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powerful trees, tiny humans

marian.bechtel's picture

I figured exploring the geology of the campus was kind of cheating for me, so I chose to read about and then explore some of the trees on campus. First of all, reading through parts of the Bryn Mawr tree guide was mind boggling. I knew we had many lovely trees here on campus, but I had no idea there was so much variety! I felt a strange mix of excitement and sadness when I realized this. Excitement because I love trees and I was so excited that there was so much to explore and that there was no way I could really inspect and appreciate every single tree on campus in my walk because that would take forever - meaning that even after this walk there are still so many trees to explore and touch and love! But then another thought struck me, following from the readings we did last week: I wondered how may native trees had to be cut down and moved to make way for these trees, because obviously they are not all native to this place. I certainly appreciate and love the trees that are here now, but it's the first time I've actually thought about what might have come before them and what might have happened to those earlier trees.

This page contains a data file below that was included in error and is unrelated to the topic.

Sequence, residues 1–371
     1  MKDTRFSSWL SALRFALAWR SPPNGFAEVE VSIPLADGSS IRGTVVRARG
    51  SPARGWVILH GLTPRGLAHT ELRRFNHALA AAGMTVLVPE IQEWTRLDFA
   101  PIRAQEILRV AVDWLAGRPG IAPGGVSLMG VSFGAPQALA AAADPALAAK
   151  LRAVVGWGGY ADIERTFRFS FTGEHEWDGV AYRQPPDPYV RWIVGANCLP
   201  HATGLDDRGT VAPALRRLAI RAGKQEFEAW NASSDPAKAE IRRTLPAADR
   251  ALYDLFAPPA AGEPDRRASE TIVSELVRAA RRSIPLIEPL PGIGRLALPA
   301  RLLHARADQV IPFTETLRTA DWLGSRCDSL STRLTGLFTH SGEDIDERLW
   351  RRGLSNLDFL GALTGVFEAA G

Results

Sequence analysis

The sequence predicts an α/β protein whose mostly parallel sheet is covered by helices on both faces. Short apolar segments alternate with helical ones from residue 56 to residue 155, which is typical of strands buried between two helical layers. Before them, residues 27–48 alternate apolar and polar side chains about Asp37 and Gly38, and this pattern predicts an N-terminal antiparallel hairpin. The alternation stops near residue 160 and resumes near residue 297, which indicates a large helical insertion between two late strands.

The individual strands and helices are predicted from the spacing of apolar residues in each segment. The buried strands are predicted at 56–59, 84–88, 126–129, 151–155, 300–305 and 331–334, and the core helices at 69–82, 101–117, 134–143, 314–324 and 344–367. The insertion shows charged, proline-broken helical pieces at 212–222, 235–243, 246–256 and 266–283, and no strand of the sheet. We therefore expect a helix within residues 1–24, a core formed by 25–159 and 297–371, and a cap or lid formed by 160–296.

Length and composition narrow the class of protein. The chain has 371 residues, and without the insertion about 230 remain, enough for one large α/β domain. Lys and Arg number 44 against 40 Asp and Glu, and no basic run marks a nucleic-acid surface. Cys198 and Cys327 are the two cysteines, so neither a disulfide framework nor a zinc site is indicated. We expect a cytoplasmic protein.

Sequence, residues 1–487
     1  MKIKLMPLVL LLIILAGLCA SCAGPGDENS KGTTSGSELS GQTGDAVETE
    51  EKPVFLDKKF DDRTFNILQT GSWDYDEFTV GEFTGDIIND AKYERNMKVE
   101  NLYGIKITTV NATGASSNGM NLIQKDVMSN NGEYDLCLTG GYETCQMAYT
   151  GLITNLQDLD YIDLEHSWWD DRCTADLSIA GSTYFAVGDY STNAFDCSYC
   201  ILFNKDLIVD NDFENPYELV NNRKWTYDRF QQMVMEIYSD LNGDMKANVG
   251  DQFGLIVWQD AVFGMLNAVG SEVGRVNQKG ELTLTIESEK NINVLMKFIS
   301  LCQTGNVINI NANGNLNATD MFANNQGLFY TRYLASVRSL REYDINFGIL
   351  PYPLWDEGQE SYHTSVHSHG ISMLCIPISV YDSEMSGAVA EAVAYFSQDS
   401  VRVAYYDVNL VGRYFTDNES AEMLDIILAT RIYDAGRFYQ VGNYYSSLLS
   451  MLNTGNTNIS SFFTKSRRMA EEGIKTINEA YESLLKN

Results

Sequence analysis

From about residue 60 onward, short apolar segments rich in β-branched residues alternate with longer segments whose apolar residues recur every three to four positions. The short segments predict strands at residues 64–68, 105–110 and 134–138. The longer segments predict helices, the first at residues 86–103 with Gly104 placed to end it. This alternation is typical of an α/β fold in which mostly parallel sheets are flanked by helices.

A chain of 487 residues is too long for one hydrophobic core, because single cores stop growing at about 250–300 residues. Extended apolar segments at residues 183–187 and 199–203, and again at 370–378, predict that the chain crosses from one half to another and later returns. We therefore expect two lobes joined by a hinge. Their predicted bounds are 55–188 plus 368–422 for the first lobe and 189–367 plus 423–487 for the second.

It was interesting after reading about the trees and building up all this excitement/emotion/pondering to then actually walk outside - I had almost forgotten for a second that it was the dead of winter and snowing. This of course made my brief tree tour quite different. In the guide, all the trees are shown in spring/summer, but now I was looking at them in the winter, naked and lifeless, but beautiful in the snow. Though I was almost sad about this at first, I grew in awe as I walked and began to go up to the trees and touch them because I realized how powerful, strong, and resilient trees like these are. They are stripped naked, beaten for months with harsh cold, cutting winds, pelting hail and snow, solar starvation, and air so dry it cracks the skin, and yet they endure and sure enough when it warms again, they jump right back into sprouting leaves and flowers and beauty like nothing happened, like they've always looked like they do in those pictures. That's pretty incredible. Thinking about this reminded me how truly small I am, and how truly small humans are. Trees have been here long before us, long before the dinosaurs who, let's face it, did a lot better than we did, and despite everything humans have done to hurt and destroy them, they're going to be the ones to survive in the end. In the long run, we'll be nothing but a very brief, insignificant (though painful) shadow of a memory to them. And in a weird way, despite how dark that all sounds, it makes me kind of happy. Such peaceful, kind, and powerful beings like these trees deserve to live on long long past us.